Man held over fatal knife attack at China kindergarten

Police outside a school in Nanping, Fujian (23 March 2010) China has been shocked by a spate of similar school attacks in recent months

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A man who killed at least three children in a knife attack at a Chinese kindergarten has been arrested.

The alleged assailant, Fang Jiantang, 26, was taken into custody shortly after the attack and has confessed to his crime, state media reported.

More than 20 children and staff were hurt at the school in the eastern city of Zibo, Shandong province, on Tuesday.

The motive for the attack is not known. It is the latest in a string of similar attacks across China.

More than 27 people have died and at least 80 have been injured in knife attacks, several in schools, since the beginning of the year.

Start Quote

China used to take pride in its low rate of violent crime but now it has to deal with it almost every day, leading many to ask what has caused the sudden surge of apparently random attacks”

End Quote Shirong Chen BBC China editor

Nine people died in a kindergarten knife attack on 12 May. The same month, a man was sentenced to death for stabbing 29 people at a kindergarten in Jiangsu.

Badly injured

The kindergarten in Zibo was attacked as parents were picking up their children at the end of the school day.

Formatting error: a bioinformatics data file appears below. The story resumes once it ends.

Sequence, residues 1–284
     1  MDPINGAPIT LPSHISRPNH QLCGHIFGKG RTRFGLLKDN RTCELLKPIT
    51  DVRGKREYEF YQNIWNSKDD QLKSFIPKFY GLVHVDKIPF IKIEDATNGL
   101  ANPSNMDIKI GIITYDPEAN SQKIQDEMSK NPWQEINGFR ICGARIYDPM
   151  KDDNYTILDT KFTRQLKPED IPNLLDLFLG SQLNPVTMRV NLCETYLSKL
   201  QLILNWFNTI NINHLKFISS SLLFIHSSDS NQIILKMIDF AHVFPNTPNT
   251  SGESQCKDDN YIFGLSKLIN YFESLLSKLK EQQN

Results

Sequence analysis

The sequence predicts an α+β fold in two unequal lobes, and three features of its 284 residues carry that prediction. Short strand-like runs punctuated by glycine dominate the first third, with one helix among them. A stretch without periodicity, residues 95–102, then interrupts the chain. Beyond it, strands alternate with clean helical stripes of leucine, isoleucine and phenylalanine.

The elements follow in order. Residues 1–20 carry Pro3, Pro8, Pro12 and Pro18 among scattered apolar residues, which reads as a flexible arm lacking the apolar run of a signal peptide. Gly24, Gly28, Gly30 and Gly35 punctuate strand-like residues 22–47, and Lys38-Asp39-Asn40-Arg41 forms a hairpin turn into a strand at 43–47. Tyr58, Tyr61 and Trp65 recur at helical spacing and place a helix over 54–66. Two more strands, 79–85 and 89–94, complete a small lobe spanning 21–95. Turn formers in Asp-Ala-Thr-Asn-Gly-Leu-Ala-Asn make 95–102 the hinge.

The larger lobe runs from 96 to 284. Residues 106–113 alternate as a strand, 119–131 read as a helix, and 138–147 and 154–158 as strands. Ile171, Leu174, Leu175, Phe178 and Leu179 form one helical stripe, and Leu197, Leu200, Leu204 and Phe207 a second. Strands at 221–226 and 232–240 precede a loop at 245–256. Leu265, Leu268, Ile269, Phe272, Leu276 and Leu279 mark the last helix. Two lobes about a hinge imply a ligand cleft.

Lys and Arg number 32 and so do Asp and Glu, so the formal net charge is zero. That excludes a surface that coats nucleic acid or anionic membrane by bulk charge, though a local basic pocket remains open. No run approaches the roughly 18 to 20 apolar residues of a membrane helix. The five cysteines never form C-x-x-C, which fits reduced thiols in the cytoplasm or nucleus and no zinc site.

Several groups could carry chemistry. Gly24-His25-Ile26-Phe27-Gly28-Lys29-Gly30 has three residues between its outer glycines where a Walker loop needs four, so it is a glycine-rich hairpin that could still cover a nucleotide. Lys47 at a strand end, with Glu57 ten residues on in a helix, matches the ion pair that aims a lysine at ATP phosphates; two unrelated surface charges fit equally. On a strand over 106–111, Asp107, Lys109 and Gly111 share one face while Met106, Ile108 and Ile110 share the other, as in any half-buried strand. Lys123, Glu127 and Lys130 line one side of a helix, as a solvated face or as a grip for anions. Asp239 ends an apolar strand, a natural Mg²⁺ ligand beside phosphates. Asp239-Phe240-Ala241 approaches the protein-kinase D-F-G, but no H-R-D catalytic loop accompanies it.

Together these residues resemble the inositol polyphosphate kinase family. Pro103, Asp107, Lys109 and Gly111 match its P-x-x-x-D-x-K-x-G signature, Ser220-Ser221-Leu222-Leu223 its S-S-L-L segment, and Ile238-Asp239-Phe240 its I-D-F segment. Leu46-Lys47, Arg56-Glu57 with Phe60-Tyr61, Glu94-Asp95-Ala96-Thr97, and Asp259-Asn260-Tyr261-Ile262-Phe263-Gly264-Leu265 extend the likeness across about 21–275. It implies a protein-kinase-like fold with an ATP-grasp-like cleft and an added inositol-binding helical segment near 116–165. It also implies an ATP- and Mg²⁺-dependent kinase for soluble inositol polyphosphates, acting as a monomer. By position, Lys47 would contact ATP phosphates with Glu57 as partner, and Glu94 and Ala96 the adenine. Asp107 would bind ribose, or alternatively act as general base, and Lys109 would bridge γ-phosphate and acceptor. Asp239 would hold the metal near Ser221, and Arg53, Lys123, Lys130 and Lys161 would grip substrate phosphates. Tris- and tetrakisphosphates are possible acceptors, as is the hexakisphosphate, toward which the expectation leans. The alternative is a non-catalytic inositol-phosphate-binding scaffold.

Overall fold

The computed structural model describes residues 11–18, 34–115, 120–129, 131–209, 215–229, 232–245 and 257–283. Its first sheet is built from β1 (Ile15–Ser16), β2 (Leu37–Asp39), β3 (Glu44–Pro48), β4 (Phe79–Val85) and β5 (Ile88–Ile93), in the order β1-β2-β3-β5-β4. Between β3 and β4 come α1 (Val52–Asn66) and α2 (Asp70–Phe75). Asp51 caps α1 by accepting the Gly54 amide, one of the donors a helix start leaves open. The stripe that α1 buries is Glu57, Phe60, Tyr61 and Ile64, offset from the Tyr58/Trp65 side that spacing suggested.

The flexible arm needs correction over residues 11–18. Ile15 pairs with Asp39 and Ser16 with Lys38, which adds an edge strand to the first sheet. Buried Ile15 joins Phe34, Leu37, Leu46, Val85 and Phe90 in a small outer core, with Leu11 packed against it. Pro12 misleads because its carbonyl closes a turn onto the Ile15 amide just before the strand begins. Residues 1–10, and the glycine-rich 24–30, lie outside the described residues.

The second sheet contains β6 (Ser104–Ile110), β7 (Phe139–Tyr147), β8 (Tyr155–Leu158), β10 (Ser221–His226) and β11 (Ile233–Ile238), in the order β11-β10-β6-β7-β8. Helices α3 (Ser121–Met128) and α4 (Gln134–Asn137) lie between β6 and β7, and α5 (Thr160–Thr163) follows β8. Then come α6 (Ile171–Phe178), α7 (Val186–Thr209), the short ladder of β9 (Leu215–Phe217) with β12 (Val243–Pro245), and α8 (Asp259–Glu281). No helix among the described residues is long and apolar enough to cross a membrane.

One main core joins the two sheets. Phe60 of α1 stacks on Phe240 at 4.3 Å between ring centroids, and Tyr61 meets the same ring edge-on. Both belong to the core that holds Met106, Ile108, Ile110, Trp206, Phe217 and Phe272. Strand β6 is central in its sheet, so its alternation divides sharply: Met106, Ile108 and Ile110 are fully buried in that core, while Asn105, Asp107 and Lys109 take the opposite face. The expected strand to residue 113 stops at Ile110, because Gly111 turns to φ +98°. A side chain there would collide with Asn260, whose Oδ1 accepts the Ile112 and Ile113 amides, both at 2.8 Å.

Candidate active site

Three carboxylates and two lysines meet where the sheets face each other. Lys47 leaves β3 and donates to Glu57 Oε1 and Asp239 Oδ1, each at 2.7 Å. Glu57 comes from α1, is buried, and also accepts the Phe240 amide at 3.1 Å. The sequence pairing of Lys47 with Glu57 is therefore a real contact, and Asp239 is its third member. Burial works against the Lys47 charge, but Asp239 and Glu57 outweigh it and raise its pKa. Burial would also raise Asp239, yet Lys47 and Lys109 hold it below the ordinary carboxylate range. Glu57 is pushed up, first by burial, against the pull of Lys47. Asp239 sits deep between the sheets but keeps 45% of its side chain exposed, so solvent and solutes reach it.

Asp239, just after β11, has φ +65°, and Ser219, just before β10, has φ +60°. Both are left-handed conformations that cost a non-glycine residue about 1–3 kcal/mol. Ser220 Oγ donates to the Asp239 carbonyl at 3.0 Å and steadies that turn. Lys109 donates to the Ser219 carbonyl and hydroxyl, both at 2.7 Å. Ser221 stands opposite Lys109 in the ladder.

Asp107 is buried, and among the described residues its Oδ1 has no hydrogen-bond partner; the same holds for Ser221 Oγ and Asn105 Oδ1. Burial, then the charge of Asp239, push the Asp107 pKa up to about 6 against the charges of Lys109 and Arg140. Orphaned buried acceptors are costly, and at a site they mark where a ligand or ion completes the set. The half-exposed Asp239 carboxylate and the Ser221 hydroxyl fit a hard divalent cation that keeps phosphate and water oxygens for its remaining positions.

A man wielding a long knife ran amok.

Three children died at the scene, while three others and four teachers were injured and taken to hospital, city officials said in a statement.

Earlier reports said a teacher had been killed.

A local newspaper quoted parents as saying that their children's injuries were so bad they could barely recognise them.

The alleged attacker, Fang Jiantang, was detained within hours, according to Xinhua news agency.

Officers have found the murder weapon, and an investigation is under way, it reports.

Local authorities told the BBC they had nothing to say when asked to explain what had taken place, and waited more than 24 hours to confirm the details.

The BBC's correspondent in Beijing, Chris Hogg, says officials have tried to minimise media coverage of such incidents inside China to avoid the risk of copycat attacks.

Security has been increased at many schools but not all of them can afford it, our correspondent says.

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